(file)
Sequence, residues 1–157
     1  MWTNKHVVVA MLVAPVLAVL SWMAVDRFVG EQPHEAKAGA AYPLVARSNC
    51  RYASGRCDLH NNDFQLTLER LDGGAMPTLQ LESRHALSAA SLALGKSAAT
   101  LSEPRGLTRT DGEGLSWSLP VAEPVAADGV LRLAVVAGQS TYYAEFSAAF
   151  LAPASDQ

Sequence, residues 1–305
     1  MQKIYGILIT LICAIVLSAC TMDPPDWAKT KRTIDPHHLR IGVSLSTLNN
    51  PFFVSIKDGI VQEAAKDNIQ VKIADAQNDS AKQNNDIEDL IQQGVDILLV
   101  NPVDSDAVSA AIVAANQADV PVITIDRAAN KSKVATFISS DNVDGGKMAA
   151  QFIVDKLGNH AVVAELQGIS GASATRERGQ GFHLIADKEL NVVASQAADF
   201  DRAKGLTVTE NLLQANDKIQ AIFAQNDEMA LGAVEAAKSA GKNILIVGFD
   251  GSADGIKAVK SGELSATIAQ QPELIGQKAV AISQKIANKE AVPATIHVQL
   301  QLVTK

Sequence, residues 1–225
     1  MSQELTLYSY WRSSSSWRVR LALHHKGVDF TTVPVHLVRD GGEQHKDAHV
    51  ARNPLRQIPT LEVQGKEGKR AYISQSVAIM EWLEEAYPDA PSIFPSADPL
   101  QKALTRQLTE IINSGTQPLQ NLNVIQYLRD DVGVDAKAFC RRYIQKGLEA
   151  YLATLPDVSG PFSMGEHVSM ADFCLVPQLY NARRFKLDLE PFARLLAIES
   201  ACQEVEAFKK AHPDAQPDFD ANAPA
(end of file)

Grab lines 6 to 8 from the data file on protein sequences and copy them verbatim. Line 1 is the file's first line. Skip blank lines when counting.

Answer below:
Sequence, residues 1–305
     1  MQKIYGILIT LICAIVLSAC TMDPPDWAKT KRTIDPHHLR IGVSLSTLNN
    51  PFFVSIKDGI VQEAAKDNIQ VKIADAQNDS AKQNNDIEDL IQQGVDILLV